The Fata Morgana Teahouse and Pixel Wall, two artworks by artists Wolfgang Winter and Berthold Hörbelt, comprise the second permanent commission to be realised for the North West Cambridge Development.
The artists worked with masterplanners AECOM to provide a creative perspective on the overall landscape development of the Western Edge. The idea of a journey became an important focus for the artists and the Anglo Saxon poem ‘The Wanderer’ provided inspiration. The Wanderer moves about without destination or purpose, open to perceptions of the surroundings, views, sounds, and smells. The journey triggers an internal process of reflection and contemplation – inspired directly from the place and the moment.
Winter and Hörbelt have established in their practice a deep understanding of how public space can be a place for everyone, including those who may not have any interest in public art at all.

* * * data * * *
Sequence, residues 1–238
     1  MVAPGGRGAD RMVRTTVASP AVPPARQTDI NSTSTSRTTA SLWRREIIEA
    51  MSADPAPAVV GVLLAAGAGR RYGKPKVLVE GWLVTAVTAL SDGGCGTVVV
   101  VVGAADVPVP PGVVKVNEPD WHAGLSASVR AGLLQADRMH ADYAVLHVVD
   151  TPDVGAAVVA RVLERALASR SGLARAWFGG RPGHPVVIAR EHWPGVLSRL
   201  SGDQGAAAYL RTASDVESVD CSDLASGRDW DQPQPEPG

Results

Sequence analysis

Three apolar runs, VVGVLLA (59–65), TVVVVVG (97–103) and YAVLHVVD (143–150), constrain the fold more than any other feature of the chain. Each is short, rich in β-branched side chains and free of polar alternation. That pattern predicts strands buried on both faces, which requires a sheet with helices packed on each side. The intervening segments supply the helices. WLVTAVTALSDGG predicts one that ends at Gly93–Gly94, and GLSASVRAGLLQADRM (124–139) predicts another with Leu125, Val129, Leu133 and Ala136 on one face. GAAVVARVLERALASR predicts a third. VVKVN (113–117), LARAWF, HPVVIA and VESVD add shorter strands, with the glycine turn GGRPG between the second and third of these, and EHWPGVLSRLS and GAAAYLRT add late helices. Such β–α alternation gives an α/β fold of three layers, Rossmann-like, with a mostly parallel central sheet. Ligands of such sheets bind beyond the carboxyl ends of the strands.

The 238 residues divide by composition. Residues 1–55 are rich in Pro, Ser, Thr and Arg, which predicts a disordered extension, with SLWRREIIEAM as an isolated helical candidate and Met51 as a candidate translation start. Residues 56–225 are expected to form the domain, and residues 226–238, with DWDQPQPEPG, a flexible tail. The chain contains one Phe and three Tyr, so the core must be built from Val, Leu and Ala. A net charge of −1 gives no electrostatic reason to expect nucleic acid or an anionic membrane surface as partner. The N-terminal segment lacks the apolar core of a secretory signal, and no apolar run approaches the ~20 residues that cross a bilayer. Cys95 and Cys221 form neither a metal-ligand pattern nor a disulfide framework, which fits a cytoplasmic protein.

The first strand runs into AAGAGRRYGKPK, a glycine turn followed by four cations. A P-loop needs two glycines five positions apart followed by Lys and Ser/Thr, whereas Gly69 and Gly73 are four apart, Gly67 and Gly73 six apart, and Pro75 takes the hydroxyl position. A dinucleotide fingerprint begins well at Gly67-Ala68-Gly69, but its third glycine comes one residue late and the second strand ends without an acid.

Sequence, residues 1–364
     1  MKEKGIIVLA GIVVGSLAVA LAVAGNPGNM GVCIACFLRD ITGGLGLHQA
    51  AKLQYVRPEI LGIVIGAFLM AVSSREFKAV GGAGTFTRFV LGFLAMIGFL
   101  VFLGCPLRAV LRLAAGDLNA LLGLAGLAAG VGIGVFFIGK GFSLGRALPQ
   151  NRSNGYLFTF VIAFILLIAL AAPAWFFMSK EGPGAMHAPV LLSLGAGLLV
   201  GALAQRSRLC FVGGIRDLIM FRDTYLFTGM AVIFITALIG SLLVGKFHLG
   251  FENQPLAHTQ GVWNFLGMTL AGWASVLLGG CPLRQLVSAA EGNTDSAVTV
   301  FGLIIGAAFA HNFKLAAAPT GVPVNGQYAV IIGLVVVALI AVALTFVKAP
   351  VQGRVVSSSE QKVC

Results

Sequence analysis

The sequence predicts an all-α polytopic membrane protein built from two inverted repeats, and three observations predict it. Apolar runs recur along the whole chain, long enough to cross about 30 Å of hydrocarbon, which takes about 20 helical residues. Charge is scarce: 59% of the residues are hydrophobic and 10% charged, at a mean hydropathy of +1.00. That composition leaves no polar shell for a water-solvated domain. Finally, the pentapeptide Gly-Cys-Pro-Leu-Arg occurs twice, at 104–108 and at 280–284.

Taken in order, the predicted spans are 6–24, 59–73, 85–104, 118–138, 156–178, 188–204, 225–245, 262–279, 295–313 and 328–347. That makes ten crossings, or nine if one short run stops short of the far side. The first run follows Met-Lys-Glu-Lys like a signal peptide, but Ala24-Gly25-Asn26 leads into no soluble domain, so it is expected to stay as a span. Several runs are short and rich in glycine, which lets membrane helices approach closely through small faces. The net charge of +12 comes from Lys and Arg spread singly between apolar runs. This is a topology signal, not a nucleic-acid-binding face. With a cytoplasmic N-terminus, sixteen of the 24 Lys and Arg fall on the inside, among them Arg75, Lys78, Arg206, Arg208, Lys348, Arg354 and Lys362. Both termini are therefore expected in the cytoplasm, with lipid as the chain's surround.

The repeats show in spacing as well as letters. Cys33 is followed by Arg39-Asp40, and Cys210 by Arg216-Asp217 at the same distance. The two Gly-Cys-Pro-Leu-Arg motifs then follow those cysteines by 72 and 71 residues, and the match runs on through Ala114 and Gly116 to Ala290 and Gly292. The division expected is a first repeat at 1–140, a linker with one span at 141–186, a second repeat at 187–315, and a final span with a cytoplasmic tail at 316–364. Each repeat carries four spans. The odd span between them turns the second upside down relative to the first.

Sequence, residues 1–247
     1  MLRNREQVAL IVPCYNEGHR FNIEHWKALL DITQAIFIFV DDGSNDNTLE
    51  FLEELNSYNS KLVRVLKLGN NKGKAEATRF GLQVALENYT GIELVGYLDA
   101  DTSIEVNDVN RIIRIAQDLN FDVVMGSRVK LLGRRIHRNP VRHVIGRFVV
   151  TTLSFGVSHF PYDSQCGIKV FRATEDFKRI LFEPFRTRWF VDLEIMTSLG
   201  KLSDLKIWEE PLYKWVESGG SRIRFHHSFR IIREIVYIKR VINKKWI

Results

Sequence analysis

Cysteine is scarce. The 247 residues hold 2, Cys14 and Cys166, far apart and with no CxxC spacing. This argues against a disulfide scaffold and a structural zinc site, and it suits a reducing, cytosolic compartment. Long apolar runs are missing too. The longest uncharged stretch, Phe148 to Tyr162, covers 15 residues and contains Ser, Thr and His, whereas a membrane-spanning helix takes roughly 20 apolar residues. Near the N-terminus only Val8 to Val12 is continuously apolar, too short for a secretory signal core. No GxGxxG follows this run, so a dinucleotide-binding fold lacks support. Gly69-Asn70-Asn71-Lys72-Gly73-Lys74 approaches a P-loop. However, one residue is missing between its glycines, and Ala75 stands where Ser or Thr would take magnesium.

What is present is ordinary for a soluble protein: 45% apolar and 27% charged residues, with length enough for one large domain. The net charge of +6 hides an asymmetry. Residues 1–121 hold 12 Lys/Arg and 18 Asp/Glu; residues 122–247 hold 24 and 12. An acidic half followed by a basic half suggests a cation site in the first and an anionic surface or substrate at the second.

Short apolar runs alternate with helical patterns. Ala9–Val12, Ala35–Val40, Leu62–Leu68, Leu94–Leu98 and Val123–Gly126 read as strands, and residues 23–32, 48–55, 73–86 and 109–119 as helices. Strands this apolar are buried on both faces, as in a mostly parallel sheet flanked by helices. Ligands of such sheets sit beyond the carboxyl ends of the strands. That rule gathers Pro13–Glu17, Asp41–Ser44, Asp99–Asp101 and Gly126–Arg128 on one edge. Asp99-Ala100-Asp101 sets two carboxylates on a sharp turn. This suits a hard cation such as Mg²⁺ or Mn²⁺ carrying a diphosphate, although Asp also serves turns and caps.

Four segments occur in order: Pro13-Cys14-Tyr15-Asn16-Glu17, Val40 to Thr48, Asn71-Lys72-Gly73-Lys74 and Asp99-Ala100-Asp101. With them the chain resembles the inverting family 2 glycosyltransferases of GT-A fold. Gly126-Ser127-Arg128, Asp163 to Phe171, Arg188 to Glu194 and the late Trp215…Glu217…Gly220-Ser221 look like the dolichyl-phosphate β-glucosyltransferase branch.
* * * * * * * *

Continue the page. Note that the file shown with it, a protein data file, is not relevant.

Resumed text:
The two works offer multiple readings. They are social spaces, landmarks or contemporary garden follies. They are testament to the ordinariness of mass-produced materials or can simply be admired as spectacular feats of engineering and making. Looking through a steel grid mesh or at a pixelated mirror surface, our perception of the landscape is refracted and dissected. From distant views, the mirrored surface of these otherworldly structures causes them to appear and disappear in the shifting light, reflecting the landscape and being absorbed into it.
At the heart of the work is the idea that the sculptures are places where people can meet, be, experience. This is a central aim for the Western Edge of Eddington – to act as an informal social realm, bringing people together for recreation, relaxation and pleasure.
Read more about North West Cambridge Public Art Strategy